Restoration work in Bridge Creek included the addition of what the authors call “beaver dam analogs” or a series of piles driven into the stream bed that are designed to mimic the function of natural beaver dams, giving beavers a head start on building their own dams.
This differs from other stream restoration projects, according to Weber. “Our research may not be very different from many projects, but our restoration approach of partnering with beaver is rather unique.”
Traditional stream restoration work will often employ heavy equipment in stream channels, a practice that results in disturbance and high costs.
On the other hand, the artificial beaver dams can be constructed by hand, leaving the stream and surrounding riparian vegetation intact. Once ponds have been created by artificial beaver dams, beaver are much more likely to occupy the area and take over the hard work. This results in an effective restoration approach without the initial disturbance and high-cost of more traditional restoration practices, according to Weber.
During the study and stream restoration efforts, the number of beaver dams in the study area increased significantly (the study says by “an order of magnitude”) and an additional 4 km of creek received the analogue dams. In most cases these analogue dams were “enhanced by active maintenance by beaver,” the study says.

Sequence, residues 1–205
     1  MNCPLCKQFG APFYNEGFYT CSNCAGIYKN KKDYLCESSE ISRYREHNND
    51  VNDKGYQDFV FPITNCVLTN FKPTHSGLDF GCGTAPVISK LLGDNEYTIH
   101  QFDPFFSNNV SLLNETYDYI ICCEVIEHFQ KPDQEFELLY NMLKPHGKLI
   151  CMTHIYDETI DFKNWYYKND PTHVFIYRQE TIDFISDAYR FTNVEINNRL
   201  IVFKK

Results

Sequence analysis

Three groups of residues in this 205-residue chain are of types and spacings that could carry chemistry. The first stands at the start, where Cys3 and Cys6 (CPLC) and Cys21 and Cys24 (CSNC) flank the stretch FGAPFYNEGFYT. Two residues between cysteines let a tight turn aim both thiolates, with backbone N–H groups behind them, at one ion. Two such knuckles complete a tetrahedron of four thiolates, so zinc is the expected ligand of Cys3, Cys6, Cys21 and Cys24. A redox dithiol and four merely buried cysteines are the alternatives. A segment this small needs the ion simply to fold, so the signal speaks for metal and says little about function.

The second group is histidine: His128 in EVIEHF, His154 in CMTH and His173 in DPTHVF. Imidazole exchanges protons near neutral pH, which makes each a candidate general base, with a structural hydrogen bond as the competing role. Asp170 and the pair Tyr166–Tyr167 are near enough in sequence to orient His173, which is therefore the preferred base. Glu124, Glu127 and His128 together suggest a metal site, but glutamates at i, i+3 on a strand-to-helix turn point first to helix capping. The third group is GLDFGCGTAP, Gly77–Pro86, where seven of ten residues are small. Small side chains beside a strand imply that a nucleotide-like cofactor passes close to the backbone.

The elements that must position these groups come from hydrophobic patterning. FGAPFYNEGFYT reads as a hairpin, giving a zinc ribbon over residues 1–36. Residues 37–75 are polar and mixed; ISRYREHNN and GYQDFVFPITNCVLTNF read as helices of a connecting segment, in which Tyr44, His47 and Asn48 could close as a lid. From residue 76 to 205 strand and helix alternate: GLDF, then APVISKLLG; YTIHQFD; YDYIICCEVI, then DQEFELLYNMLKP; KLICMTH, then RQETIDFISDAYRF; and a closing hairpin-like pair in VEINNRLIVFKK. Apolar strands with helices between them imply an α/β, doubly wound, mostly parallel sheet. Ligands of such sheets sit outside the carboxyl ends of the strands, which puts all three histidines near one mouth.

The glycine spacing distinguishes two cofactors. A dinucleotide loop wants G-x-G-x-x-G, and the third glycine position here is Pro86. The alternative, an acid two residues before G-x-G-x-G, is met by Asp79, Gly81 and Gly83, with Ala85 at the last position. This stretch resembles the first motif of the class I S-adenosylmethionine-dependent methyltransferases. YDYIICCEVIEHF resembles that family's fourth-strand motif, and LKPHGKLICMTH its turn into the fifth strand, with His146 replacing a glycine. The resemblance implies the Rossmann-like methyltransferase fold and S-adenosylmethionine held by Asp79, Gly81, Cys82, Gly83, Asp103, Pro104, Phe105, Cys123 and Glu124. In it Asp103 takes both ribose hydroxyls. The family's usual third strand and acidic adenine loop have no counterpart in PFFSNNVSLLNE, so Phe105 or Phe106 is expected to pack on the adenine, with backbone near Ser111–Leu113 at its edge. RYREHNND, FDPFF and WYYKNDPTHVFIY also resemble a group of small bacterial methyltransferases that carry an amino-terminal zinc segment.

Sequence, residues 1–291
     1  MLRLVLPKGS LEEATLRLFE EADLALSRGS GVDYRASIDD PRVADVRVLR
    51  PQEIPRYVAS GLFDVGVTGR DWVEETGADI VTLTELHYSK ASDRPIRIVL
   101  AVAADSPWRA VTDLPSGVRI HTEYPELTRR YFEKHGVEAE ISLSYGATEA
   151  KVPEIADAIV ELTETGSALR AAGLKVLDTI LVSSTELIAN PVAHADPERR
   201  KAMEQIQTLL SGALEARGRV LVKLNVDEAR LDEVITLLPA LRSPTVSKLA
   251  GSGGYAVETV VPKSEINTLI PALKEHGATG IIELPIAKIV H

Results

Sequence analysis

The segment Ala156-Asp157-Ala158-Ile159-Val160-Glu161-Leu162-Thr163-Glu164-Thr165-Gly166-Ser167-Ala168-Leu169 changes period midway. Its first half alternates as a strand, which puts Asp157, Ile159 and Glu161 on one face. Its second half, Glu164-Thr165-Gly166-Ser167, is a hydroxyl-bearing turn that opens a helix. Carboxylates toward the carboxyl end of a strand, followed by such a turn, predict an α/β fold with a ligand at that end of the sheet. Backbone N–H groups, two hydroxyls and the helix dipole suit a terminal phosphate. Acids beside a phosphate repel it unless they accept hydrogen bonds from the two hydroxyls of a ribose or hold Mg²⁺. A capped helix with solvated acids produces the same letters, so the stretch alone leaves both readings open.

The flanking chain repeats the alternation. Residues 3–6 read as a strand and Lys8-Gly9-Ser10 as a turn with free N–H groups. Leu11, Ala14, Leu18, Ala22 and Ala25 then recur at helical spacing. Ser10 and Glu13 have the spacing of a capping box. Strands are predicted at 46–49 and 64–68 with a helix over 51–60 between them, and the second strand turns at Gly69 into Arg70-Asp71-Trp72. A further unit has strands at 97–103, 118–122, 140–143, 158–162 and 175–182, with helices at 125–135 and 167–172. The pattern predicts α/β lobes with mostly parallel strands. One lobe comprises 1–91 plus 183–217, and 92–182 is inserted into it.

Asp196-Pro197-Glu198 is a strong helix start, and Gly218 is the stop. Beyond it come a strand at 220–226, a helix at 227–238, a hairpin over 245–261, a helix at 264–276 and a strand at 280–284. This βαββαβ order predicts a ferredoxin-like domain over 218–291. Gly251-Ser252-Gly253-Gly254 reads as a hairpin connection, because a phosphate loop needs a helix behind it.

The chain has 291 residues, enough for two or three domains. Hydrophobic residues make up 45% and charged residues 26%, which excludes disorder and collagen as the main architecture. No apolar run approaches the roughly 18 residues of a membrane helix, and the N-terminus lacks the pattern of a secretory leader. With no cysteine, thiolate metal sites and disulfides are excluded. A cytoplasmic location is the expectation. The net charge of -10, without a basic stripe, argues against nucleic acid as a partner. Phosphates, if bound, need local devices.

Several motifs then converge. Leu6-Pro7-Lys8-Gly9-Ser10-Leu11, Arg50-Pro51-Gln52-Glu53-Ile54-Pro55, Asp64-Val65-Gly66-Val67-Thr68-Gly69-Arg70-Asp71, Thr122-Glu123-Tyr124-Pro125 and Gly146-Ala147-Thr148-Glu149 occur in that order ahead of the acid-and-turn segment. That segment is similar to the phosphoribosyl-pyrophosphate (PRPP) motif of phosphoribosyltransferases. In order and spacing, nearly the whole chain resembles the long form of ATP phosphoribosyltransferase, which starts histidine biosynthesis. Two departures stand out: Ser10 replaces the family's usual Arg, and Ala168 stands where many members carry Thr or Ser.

Differences in stream temperature were most pronounced during the summer. Prior to the study and restoration daily maximum summer stream temperature lower in the study area (river km 6.16) was 5.06 degrees C higher than upstream at river km 32.39. After the stream improvements that temperature difference was halved to 2.5 degrees C.
“…our observations demonstrate that beaver pond creation has the potential to alter stream temperature regimes to the benefit of temperature sensitive stream biota such as the population of steelhead that reside within our study area,” the study says.
And, it could be one tool to counter climate change, which is expected to reduce the amount of habitat available to sensitive fish species.
“Faced with the threat of increasing stream temperatures, effective restoration practices that can mitigate for human impacts and climate change are essential to the conservation of these economically and intrinsically valuable fish species,” Weber said. “Installation of beaver dam analogs and the natural dam building activity of beavers may offer an effective and cost-efficient way to offset these impacts and increase the likelihood that these species will persist for future generations.”
Because of their severe impacts to riparian willows and willow wetlands (see photo below), cattle grazing as practiced on Klamath Mountains national forests precludes beaver restoration, included in the headwater basins where we could use beaver to counteract decades of cattle-trampling-induced hydromodification which has damaged baseflows in streams below.
Cattle grazing in our headwater basins has much more of a negative impact on salmon streams and habitat that you may have imagined. Here’s the link to hydrologist Jonathan Rhodes report on the Big Meadows Grazing Allotment which discusses these impacts: https://www.dropbox.com/s/j3heofz33bboh9n/RhodesRpt_KNF-BMA_2-18-16.pdf?dl=0